An American Woman’s Journey to Tibet’s Sacred Textile Art – Buddhistdoor Global

Image courtesy of She Writes Press

Part travelogue, part spiritual biography, and part artistic chronicle, Leslie Rinchen-Wongmo’s Threads of Awakening: An American Woman’s Journey to the Sacred Textile Art of Tibet (2022) is an eloquent work that is both adventure and homecoming; transformation and grounding. Leslie is a textile artist, teacher, and one of the few non-Tibetans who has mastered the art of silk appliqué. Thank you. In this book, to be published on August 23 by She Writes Press, Leslie tells a tender human story of how she came to this artistic calling, full of emotional richness and raw honesty. A very useful and interesting appendix points out some of the fundamental stitches and shapes that Leslie has deployed over the decades to make Tibetan-style appliqués.

There are two general outlines to this six-section book: the personal journey of spirituality and self-discovery, and the learning and mastery of silk application. Thank you. Within each theme are many stories that place us alongside Leslie as she meets her first appliqué masters, she falls in love, or she receives the Dalai Lama’s assignment to make non-Buddhists, in fact, Christians, Thank you. Highlights abound; anecdotes about her personal life set in larger cultural contexts that defined her as a Western convert to Buddhism. There are many subsections, but broadly speaking there are seven parts, each denoting an aspect of the weave: “Fibres”, “Threads”, “Warp”, “Weft”, “Pieces”, “Bow” and “Buddhas” . with subsections called “Parts”. The book can be compared to a kind of tapestry of her life. But it’s a story that can’t be told without looking at the individual components, just like her. Thank you they are never complete without paying attention to each of the threads that, initially, seem to be disconnected from the other parts and sections.

Image courtesy of She Writes Press

The book begins with Leslie’s early background as an intellectually curious young student at the University of California, Santa Cruz, meeting Tibetans in exile, and her first meeting with the Dalai Lama on campus. The “official” beginning of this journey is a 1988 trip to Nepal and New Delhi, where she formally entered the Buddhist path:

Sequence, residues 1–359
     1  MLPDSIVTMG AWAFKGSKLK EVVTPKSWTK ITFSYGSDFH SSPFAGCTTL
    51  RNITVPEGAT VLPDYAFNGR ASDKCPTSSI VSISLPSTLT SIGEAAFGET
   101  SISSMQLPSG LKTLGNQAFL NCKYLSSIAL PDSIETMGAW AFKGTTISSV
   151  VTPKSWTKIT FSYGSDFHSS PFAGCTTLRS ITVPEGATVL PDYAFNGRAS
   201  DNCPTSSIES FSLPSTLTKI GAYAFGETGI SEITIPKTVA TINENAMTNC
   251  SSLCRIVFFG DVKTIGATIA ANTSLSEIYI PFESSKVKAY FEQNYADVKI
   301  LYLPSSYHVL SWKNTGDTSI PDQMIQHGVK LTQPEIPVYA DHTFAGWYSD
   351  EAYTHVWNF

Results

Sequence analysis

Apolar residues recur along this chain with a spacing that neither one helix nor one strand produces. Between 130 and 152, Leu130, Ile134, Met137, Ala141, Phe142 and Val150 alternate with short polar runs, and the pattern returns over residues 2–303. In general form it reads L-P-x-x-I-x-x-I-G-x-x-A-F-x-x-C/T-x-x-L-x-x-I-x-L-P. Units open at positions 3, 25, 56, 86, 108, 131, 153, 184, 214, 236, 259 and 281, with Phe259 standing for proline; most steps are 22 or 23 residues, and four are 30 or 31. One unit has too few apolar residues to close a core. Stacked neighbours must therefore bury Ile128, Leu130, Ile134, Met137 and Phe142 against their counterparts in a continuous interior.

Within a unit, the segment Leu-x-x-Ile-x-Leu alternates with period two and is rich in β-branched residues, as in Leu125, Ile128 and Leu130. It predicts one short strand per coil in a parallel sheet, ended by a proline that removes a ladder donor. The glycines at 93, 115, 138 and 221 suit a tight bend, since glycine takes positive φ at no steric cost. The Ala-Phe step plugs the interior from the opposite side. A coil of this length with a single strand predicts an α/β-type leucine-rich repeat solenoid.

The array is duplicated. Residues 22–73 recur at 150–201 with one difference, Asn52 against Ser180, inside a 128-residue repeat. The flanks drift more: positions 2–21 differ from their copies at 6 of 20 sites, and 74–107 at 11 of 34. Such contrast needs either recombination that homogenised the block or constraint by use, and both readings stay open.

Just as a wedding ceremony does not create a marriage, the refuge ceremony does not create a Buddhist. But there is power in public declaration. . . . For me, taking refuge with Geshe Sonam Rinchen and Ruth was a way of declaring to my own mindstream that the direction of my life’s journey, through whatever mundane events would follow, was towards inner freedom and understanding, using Buddha’s teachings as a path. guide and compass.

(80–81)

In piece 23, Leslie traces a brief history of Tibetan weaving, from the early days of imported silk from Tang China to the Tibetan Empire to how “thriving production has reemerged among the exiled community in India and Nepal, and some large Applications Thank you have been made within Tibet itself, including the giant Tsurphu Thank you project in eastern Tibet, managed by Terris and Leslie Nguyen Temple”. (115)

One of the distinguishing advantages of this book is the amount of detail that Leslie goes into regarding the sewing process, Tibetan style. This unique discipline, which she outlines, is worth generously citing. As she describes:

When you wrap that stringy silk thread around a scaly hair on a horse’s tail, the fibers of the thread get caught in the scales of the hair. They cling, and the sheer force of that attachment binds them. The thread remains safely wrapped around the hair. No adhesives required. Now, I have to admit that it took me weeks of practice to wrap the hair in yarn. It was a disaster the first time I tried it.

(127)